Performance (was: RE: HyperSqueak)
Andreas.Raab at disney.com
Wed Mar 15 09:22:04 UTC 2000
> As a final ramble in an otherwise rambling e-mail, it's
> interesting to note the current arguments against Squeak,
> which are the same ones we saw in 1989 when we started using
> Smalltalk for building interfaces for GPs to use: it's
> large and it's slow. Hopefully the image segments should
> help to sort out 'large', but I'm not sure what to do about 'slow'.
> When we re-coded our terminology engine in C, a 24-hour knowledge
> base compile went down to 7 minutes. Extreme, I know, but can the
> interpreted-language and OO communities do anything about this?
I believe we can. Just have a look at what Squeak presents to you in this
area - if you really need high performance you have actually several
choices. You can write your stuff in Slang and translate it to C afterwards
(thus allowing you to debug the entire thing right within Squeak) or code it
all in C (the way I did it partly in the 3D renderer) or use some existing C
stuff (through the FFI interface). The performance improvements are immense
(usually in the range of 30-150, depending on what you're doing) but your
example (suggesting a speedup of ~200) is not too far away from it. But the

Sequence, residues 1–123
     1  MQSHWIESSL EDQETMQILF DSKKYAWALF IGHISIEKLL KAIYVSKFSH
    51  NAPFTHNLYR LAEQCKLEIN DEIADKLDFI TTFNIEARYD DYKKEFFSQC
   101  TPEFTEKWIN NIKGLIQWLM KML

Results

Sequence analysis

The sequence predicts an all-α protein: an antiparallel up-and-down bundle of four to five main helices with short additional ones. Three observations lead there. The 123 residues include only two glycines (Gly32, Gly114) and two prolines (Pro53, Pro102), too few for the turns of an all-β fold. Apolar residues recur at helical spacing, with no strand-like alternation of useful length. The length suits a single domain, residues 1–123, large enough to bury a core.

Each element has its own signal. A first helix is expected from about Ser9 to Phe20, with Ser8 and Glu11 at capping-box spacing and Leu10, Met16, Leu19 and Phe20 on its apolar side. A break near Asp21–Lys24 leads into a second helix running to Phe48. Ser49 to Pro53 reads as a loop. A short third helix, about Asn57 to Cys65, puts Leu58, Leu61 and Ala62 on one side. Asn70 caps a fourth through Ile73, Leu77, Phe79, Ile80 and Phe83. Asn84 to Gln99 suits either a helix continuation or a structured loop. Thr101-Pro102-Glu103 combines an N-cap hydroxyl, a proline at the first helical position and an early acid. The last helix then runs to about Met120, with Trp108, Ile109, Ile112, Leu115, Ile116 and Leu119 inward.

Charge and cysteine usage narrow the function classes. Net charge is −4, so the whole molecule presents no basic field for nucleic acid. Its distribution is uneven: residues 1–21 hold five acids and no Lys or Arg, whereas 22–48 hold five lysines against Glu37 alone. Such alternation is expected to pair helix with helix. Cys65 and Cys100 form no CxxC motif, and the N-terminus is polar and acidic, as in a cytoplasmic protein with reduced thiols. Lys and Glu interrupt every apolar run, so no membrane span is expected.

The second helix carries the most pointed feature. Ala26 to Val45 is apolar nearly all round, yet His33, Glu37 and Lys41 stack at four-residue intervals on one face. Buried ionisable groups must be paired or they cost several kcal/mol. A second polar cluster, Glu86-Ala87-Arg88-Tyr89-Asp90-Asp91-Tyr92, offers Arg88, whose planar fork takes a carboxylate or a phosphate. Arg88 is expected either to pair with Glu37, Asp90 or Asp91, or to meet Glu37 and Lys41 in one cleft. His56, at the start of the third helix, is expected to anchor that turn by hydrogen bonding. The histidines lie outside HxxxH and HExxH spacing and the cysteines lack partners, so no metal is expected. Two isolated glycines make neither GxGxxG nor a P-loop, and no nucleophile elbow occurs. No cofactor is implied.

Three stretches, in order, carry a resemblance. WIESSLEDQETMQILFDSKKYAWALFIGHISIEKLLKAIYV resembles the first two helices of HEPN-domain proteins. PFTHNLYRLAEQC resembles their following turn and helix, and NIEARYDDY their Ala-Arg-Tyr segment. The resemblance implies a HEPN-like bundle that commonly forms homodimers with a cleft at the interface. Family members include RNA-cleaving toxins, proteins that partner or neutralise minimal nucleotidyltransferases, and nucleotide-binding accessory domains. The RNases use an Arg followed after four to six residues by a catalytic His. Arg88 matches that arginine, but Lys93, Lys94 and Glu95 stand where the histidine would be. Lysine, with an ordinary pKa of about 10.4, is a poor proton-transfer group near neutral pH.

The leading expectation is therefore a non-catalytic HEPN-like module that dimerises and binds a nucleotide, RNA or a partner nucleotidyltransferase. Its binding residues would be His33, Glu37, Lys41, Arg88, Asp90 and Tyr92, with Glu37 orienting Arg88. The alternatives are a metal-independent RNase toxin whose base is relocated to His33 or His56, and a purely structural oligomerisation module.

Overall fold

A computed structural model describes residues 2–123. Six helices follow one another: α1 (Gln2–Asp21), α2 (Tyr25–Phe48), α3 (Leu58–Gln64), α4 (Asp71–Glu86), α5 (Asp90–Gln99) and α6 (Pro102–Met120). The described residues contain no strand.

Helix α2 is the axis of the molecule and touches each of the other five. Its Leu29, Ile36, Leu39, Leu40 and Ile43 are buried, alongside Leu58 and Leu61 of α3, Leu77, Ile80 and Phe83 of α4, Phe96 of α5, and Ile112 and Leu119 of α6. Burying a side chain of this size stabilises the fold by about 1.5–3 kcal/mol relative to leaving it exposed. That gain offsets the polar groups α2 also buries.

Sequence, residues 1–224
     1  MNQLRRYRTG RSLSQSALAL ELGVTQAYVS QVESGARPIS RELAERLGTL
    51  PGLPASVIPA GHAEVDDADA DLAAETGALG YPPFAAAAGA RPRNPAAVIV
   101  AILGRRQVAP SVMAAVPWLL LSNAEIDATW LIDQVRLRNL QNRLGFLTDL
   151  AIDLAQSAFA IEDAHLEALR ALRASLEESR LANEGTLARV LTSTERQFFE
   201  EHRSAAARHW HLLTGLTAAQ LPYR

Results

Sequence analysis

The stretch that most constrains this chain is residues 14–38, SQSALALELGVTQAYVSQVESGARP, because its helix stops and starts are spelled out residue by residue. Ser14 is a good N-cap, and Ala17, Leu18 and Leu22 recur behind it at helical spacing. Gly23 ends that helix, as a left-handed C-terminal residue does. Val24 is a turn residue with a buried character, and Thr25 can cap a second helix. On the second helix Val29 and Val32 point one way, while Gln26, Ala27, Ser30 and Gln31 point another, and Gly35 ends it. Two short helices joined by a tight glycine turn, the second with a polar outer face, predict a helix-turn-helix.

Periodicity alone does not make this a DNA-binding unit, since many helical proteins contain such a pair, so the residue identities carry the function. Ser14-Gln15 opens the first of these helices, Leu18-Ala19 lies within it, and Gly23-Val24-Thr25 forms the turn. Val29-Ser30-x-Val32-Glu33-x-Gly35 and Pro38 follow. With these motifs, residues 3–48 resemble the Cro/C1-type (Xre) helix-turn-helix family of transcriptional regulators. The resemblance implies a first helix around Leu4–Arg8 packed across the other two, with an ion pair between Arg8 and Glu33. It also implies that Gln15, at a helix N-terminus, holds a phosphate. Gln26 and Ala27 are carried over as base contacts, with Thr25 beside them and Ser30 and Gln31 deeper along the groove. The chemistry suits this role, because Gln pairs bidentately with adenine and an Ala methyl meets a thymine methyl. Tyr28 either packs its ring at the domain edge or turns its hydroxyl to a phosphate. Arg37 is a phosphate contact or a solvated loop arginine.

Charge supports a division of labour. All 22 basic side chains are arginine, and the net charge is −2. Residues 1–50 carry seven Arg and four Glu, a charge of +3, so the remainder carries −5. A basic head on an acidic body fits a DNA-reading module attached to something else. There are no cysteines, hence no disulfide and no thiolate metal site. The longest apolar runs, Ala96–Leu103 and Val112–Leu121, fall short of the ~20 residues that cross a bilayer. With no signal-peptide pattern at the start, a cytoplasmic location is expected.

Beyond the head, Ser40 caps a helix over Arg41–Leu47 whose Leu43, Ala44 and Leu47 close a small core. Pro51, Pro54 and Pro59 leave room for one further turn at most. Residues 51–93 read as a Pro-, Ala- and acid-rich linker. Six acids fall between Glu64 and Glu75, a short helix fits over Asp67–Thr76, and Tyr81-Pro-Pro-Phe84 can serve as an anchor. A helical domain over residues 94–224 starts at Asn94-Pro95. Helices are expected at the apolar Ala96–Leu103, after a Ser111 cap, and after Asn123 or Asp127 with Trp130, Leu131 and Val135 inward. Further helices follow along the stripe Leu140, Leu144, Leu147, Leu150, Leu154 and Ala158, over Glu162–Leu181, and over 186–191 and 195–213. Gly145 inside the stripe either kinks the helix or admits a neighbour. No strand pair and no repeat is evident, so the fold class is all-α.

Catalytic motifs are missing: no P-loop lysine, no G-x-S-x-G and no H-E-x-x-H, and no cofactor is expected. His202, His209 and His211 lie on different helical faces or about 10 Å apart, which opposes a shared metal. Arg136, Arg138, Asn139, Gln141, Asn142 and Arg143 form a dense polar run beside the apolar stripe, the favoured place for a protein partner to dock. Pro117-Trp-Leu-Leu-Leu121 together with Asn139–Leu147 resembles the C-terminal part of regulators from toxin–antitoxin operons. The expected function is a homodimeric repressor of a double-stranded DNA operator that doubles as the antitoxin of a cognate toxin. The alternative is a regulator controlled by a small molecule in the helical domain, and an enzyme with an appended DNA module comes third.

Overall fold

faremost important thing is that you can actually develop your application
very rapidly and if (and only if) certain parts are too slow you can go on
and improve those. Thus choosing exactly those aspects that need to go
faster and don't worry about everything else. After you actually understood
the problem ;-)
> Yes, some of it can be solved by the 'buy a faster processor'
> argument, but developers will continue to develop
> systems that are at the edge of what current processors can
> achieve --- just look at Windows 2000 for an example.
> Anyone trying to use Squeak as a server (as I am) will also
> get bitten by this, as CPU cycles rapidly become
> important in that environment.
It's clear that Squeak is designed much more as a client side application
rather than a server. The fact that you can use Squeak as a pretty well
running server says more about flexibility than speed. Though there are in
fact several people working on the server part - take for instance the
high-performance XSockets implementation. Also, don't forget that Squeak is
running a pure byte code interpreter. Once the J3 is in place I think the
numbers will change quite a bit...
In the end it's all a question of tradeoffs. You will have applications that
need some parts really fast and others that are not that important. Squeak
(and other interpreted languages) give you a choice between the flexibility
and speed you need to do a certain project.
More information about the Squeak-dev